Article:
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The operator of two sushi outlets has been hit with penalties of over $125,000. In a recent case described by lawyers as a test case for whether employers are effectively guilty until proven innocent in terms of wages record-keeping.

While the “reverse onus of proof” was not ultimately needed in this particular case, it will be interesting to see how this evidentiary presumption is applied in practice by Courts in future.

The FWO launched legal action against A&K Property Services Pty Ltd, which operates two Sushi 79 stores in Queensland, one on the Sunshine Coast and the other in Ipswich.

It claimed that audit activity had uncovered wage and super underpayments totalling $26,883, but also alleged the business had “failed to keep property time and wages records and failed to issue any payslips to employees”.

These underpayments, the regulator said, were to nine visa holders, all from South Korea, who were shortchanged anywhere between 7.69 per cent and 43.32 per cent of what they were legally entitled to be paid.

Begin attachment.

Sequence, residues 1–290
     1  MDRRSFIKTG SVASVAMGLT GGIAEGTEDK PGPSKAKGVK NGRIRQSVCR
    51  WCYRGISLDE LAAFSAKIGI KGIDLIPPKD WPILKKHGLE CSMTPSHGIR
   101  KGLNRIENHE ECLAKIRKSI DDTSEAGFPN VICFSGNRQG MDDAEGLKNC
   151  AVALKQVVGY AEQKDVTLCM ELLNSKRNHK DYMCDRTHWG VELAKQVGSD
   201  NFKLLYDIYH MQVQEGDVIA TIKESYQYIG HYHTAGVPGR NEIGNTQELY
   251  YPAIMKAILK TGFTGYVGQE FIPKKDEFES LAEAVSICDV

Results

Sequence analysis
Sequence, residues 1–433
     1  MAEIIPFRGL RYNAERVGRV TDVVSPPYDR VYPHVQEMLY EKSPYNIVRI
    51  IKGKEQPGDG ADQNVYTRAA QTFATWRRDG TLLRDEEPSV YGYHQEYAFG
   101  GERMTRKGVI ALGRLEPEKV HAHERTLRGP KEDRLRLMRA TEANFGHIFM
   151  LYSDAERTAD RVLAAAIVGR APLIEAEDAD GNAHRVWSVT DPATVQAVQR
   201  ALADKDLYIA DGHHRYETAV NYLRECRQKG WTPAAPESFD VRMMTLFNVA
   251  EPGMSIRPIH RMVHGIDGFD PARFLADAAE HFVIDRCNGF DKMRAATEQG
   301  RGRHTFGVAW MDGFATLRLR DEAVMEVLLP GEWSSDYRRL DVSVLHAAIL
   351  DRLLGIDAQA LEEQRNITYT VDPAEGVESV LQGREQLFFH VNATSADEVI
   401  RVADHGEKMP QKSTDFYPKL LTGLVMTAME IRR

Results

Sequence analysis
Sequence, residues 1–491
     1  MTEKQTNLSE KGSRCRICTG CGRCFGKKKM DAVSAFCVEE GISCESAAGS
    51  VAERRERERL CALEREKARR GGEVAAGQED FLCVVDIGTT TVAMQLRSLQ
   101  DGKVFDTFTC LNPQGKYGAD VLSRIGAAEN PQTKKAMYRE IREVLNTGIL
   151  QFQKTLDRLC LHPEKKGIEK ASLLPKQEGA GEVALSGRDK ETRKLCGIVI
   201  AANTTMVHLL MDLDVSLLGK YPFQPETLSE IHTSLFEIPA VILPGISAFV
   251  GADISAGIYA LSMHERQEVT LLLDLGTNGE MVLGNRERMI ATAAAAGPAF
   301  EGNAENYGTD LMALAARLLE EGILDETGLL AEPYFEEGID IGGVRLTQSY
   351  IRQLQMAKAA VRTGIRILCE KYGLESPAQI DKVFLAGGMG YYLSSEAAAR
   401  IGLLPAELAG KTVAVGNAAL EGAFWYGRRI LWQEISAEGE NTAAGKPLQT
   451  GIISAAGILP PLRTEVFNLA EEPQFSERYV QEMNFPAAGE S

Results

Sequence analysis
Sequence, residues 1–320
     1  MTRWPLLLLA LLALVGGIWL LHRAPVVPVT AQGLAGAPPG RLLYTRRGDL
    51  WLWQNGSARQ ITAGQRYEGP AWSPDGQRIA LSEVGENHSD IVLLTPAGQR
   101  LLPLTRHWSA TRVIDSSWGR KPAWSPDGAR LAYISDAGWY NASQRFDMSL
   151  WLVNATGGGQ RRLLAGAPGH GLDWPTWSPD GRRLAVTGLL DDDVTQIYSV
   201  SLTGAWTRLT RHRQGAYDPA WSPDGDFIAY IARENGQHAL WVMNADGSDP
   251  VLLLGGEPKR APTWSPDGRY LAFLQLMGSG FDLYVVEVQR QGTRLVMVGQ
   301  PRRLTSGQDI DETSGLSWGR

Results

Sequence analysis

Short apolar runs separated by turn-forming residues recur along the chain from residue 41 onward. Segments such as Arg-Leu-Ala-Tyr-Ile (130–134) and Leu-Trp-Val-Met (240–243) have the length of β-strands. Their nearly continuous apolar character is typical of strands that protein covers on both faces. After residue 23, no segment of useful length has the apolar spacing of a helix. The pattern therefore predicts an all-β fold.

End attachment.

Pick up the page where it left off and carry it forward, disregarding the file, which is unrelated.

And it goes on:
The prosecution was the FWO’s first under law changes made in 2017 that were designed to protect vulnerable workers, such as migrants and visa holders and young people, who may not fully understand or be aware of their legal employment rights.

According to the FWO, Judge Michael Jarrett had deemed A&K Property Services’ record-keeping breaches as being “particularly serious” offences.

“When an employer does not make and keep employment records, an effective safety net for employees is difficult to maintain and results in those employees being more vulnerable to exploitation. I am satisfied that the respondents’ conduct, whilst not deliberate, was plainly grossly reckless,” it quoted the judge as stating.

While the wage and super underpayments – which had accumulated as a result of a shortfall on both normal hourly rates as well as penalty rates, overtime and leave underpayments under the Fast Food Industry Award 2010 – have since been repaid, penalties worth $125,700 were handed down.

The FWO said the bulk of this was issued to the business, which was ordered to pay $108,000.

Meanwhile, director Yong Sin Kim was personally fined $10,600, while other directors Hyun Jun Kang and Jungpyo Lee were fined $3,550 each after they were deemed not to be involved in the record-keeping and payslip breaches.

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